Lucie Narukundo, owner of Moriah Store, at 364 Cumberland Avenue, Portland, arrived in the United States as an asylum seeker in 2010. Born to a Rwandan mother and a Congolese father, Ms. Narukundo fled her homeland to escape the African Wars. Cheerful and gracious by nature, Ms. Narukundo talked easily and openly in English about her experience in Maine.

“I love the American people and I love this country,” she began. “American people will help you.” Ms. Narukundo says that when she first reached safety in the United States she was unable to speak even one word of English. She lived in a homeless shelter for several months, and with a friend for several months, before finally getting an apartment. “It was hard, very hard,” she says. “I couldn’t talk with people, I couldn’t eat American food – the food was all too sweet. I lived almost entirely on fruit. Everything was hard.”

Ms. Narukundo benefited from the help of American strangers. “They didn’t know me, but they helped me. They took me to the hospital when I needed to go, they helped me find food and a place to live.” Gradually she put together the pieces of a new life. First she worked as a housekeeper in a hotel. Then she took PSS training and CRMA training courses and worked in assisted living for three years. She studied English, crediting the teachers at Portland Adult Education with her proficiency. “You must get English if you move here or you can’t accomplish much,” she explains. She also made two good American friends through Adult Education, Becky and Barbara. She considers them so close they are family to her now.

When Ms. Narukundo fled Africa she had to leave her husband and nine children behind. As she found her footing in America she began to look for a way to get her family safely settled in Maine. She had seen families fragment under the strain of migrating to an environment very different from the one they had left behind and she was determined not to let that happen to hers. She was particularly worried that her husband, who would arrive in Maine with no English at all, would not be able to find a job.

After some thought she hit on the idea of an African store, reasoning that her husband could help with the store while he got his bearings. Through her networks she had heard of  CEI. She had been told that CEI helps people start businesses and provides special targeted programming for immigrants.  “If I am here in this store today, it’s through the CEI program. Through them I got training in managing a business, help with taxes, funding for starting up.” She opened the store in 2014 and almost four years later Moriah Store has clearly come to occupy an important niche in the community. A steady stream of customers makes its way in and out. One man, nostalgic for the orange Fanta soda he remembers from home in Africa, stops in just for that. Others fill bags with assorted groceries.

Ms. Narukundo works the cash register and talks with everyone who comes in. She is something of a magician with languages and speaks Swahili, Kinyarwanda, French, English, as well as numerous local African languages. She is justifiably proud of her store, noting that she carries everything from food to lotions to hair products. Some of her merchandise is delivered from Africa – by way of New York or New Jersey – then right to the store. However twice a month her family makes a trip to New Jersey to bring back frozen foods to stock the freezers.The walls of the store are lined with big chest freezers. They are packed with frozen goat meat, fish, cassava leaves and other vegetables from Africa. Crates of fresh plantains, tomatoes, yams, peppers, and various kinds of dried fish cluster at the front of the store. Shelves stretch front to back and are piled high with cans of fish, jars of spices, boxes of tea, and a wide variety of other groceries.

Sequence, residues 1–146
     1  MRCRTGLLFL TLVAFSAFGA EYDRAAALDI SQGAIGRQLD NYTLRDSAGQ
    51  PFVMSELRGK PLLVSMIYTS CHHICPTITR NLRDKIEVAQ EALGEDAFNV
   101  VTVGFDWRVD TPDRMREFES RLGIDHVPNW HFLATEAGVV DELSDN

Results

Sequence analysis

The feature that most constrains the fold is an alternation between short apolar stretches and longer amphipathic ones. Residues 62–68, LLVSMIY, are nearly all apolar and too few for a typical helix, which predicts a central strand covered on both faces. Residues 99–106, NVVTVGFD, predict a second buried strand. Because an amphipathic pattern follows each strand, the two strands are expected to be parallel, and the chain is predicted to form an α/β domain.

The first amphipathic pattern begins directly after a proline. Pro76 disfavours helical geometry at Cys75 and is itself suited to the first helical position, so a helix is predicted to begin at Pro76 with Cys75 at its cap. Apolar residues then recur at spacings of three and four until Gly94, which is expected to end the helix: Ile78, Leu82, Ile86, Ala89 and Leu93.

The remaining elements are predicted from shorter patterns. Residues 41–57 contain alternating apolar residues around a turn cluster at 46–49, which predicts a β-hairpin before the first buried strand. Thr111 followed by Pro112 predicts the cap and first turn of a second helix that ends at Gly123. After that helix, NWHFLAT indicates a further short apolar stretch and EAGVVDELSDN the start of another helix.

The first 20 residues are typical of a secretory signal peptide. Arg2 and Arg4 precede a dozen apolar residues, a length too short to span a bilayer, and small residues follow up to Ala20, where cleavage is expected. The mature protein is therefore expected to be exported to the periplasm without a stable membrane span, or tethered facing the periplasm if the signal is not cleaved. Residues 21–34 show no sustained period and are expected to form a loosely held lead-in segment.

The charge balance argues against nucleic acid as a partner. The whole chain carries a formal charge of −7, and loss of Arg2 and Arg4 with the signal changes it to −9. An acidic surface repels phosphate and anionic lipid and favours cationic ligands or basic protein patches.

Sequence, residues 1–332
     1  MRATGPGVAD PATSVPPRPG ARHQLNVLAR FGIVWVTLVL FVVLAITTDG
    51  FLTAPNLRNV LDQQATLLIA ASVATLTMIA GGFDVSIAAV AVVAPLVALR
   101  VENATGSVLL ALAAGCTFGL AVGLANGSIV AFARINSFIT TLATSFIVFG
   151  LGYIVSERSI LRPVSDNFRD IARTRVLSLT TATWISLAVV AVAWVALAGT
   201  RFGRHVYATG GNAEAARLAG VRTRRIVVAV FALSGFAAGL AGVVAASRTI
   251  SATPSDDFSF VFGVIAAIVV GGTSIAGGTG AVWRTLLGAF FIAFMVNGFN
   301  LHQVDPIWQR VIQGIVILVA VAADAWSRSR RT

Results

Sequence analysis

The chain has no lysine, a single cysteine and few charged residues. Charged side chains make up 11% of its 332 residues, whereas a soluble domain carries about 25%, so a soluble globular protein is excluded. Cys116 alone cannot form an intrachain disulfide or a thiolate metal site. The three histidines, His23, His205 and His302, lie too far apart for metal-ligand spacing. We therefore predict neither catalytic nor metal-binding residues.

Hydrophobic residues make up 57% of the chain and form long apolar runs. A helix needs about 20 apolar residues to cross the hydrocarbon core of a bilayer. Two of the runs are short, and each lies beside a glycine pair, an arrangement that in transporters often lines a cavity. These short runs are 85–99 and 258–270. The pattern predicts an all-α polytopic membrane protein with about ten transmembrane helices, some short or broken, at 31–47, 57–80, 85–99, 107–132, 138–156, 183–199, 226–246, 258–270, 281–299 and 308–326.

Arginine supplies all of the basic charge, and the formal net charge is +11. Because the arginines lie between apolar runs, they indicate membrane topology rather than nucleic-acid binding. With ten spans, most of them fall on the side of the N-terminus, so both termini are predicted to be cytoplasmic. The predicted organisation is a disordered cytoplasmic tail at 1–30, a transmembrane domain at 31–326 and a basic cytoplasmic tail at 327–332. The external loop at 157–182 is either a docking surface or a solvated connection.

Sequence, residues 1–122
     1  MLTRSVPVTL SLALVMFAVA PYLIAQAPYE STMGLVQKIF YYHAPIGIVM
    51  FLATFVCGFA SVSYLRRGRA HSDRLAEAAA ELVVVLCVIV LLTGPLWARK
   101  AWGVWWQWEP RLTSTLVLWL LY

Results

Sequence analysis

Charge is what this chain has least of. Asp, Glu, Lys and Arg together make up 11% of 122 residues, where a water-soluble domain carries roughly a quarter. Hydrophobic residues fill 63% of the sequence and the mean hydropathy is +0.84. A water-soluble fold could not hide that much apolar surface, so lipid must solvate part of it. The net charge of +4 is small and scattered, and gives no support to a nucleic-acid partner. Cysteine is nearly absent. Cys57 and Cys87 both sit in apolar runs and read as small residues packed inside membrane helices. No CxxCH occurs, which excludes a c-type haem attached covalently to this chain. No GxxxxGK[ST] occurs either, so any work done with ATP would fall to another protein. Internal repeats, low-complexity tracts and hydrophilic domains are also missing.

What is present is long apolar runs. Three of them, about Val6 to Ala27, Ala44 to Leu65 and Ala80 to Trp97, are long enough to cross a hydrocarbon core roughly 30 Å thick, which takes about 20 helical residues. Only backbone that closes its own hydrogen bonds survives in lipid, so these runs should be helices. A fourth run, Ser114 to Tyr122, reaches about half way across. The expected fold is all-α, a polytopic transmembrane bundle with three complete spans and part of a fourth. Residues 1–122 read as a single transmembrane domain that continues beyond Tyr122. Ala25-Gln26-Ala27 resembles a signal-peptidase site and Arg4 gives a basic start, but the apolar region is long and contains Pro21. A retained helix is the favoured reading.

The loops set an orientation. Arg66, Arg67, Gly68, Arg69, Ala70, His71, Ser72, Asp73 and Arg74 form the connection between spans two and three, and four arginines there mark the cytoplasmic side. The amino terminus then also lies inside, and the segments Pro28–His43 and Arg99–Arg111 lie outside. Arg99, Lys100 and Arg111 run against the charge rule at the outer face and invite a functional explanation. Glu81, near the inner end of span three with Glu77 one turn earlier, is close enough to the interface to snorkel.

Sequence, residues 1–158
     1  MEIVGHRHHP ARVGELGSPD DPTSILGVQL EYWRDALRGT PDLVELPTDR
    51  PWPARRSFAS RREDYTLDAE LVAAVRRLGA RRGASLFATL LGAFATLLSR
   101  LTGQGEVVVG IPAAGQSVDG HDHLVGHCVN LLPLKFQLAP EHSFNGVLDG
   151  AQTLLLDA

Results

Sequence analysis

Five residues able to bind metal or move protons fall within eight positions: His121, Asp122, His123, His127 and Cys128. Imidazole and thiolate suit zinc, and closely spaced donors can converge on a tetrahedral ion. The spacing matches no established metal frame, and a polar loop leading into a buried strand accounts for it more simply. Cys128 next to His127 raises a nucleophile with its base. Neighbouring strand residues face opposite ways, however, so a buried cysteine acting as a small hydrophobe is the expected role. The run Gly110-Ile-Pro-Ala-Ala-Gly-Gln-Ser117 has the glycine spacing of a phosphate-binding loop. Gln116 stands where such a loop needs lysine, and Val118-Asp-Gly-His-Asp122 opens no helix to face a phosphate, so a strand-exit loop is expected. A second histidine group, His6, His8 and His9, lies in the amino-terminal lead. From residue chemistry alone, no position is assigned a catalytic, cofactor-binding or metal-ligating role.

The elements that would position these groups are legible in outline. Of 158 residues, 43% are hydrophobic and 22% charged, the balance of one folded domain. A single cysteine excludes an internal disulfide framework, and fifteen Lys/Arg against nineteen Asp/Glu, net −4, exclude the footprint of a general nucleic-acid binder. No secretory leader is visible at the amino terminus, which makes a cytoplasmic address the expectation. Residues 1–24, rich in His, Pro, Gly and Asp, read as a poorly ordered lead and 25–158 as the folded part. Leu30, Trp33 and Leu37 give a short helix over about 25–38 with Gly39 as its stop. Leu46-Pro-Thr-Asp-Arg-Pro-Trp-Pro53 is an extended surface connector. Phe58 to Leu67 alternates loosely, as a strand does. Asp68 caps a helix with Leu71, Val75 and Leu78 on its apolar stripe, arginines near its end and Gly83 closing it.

Ms. Narukundo is generally pleased with the trajectory of her life in Maine. Three of her five biological children are now in college and the fourth works for an insurance company. Another is about to graduate high school. Her husband has a job of his own now.  However she and her husband also have four children they adopted as orphans twenty years ago during the period of the genocide in Rwanda, and who they help support. These adopted children are living in Uganda and the family dreams of a time when they can all be reunited in Maine.

Ms. Narukundo advises newcomers, ‘Leave your fear behind’. She recommends studying, going back to school, signing up for training opportunities. She knows it is very hard to start all over again as an adult and says it can be especially difficult in some ways if you arrive with an education behind you. Many people who have been successful back home have trouble swallowing their pride and returning to school in their adoptive country. Yet she says it is imperative to do this in order to learn the ways of the new country and get the credentials needed for satisfying employment here. Above all, she stresses studying English.

Ms. Narukundo circles back in her conversation to the kindness of Americans. She says she once asked her caseworker, ‘What can I give back to this country?’ and was told about hospice work. She felt she was suited to the work. “During the African wars I saw many people die. I volunteered in a hospital in Africa during the troubles. I am not afraid of dying people.” So beginning in 2010, with one break of three years to focus on her family when they first arrived in Maine, Ms. Narukundo has worked as a volunteer hospice worker. She displays her hospice badge with pride while her face breaks into a broad smile. “I volunteer once a week now,” she says. Lucie Nakukundo, slight of stature, is clearly grand in heart and determination.

Moriah Store is open daily from 11:00 am – 7:00 pm